When is 100 per cent not 100 per cent?
10 June 2005The G8 Finance Ministers are discussing a debt deal which is regularly described as 100 per cent debt cancellation. But is it? When it is not 100 per cent of the countries that need debt cancellation.
Current proposals have ranged from only 5 up to 18 countries (14 in Africa) that would qualify immediately; there could be more, perhaps 34 countries (29 in Africa) if they meet the necessary conditions. But JDC analysis shows that at least 62 countries need 100% debt cancellation now in order to meet the Millennium Development Goals.
Check the facts no. 1: how many countries are included? When it does not include all debts.
If only World Bank and African Development Bank debt is included, this would cancel less than half of the debt payments being made to multilateral institutions by qualifying countries in 2005. If IMF debt is included, it still will not cover the huge debts to other multilateral institutions, such as the Inter-American Development Bank. There are countries still desperately in need of bilateral debt cancellation: Nigeria, for example, has paid $18 billion in debt service on debts of $17 billion, and still has a debt stock of $34 billion.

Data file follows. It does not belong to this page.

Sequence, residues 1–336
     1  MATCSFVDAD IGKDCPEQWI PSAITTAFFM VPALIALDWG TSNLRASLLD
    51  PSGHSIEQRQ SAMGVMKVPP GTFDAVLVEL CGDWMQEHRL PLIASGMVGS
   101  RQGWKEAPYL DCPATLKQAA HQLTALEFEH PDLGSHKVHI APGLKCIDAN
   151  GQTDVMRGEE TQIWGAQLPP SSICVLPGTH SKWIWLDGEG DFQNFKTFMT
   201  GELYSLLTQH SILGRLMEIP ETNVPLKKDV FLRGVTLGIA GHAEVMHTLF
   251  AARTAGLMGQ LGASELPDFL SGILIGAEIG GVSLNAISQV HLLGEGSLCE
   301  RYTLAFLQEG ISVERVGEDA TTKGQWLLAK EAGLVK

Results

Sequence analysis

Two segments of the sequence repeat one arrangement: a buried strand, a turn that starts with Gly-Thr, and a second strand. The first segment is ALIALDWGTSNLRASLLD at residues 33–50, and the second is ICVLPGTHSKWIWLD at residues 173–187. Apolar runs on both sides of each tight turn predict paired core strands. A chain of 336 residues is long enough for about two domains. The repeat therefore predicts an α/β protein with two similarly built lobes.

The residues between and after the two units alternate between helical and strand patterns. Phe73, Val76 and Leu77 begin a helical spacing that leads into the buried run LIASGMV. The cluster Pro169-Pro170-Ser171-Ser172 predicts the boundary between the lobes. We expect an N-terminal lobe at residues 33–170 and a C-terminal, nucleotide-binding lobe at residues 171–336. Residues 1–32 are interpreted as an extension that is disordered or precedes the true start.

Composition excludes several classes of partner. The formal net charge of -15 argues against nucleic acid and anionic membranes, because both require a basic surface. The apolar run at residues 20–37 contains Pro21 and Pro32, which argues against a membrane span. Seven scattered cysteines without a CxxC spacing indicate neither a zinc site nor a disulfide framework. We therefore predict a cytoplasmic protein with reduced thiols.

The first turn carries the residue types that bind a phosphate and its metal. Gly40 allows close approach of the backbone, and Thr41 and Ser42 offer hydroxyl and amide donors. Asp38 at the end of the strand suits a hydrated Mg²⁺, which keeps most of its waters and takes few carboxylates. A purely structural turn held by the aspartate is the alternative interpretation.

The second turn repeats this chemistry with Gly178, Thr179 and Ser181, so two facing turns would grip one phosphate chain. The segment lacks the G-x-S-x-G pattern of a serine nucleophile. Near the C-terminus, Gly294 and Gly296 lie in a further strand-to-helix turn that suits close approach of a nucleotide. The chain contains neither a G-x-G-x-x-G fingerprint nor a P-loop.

Check the facts no. 2: which debts are included? When it does not give enough new money for poverty reduction.
Recent proposals mean that qualifying countries would benefit from debt cancellation by $404 million this year, or $742 million if IMF debt is included. But JDC analysis indicates that the 62 countries needing total debt cancellation will pay over $10 billion in debt service to multilateral institutions this year.
Check the facts no. 3: how much will poor countries still be paying on debt? Some proposals have suggested paying for debt cancellation from existing aid budgets or from the resources of development institutions.
Check the facts no. 4: how much money will be released to combat poverty? When it still comes with harmful conditions attached.
Countries have to qualify for debt relief under the Heavily Indebted Poor Countries initiative – which means they have to implement economic policies such as enforced privatisation, trade liberalisation and public spending cuts, often undermining democracy and damaging economies.
Jubilee Debt Campaign spokespeople are available for interview, analysis and comment:
- Stephen Rand, co-chair: 07889 158215 (mobile)
- Caroline Pearce, campaigns officer: 020 7324 4722 (office); 07791 971890 (mobile)
- Trisha Rogers, national coordinator, 020 7324 4722 (office); 07712 005666 (mobile)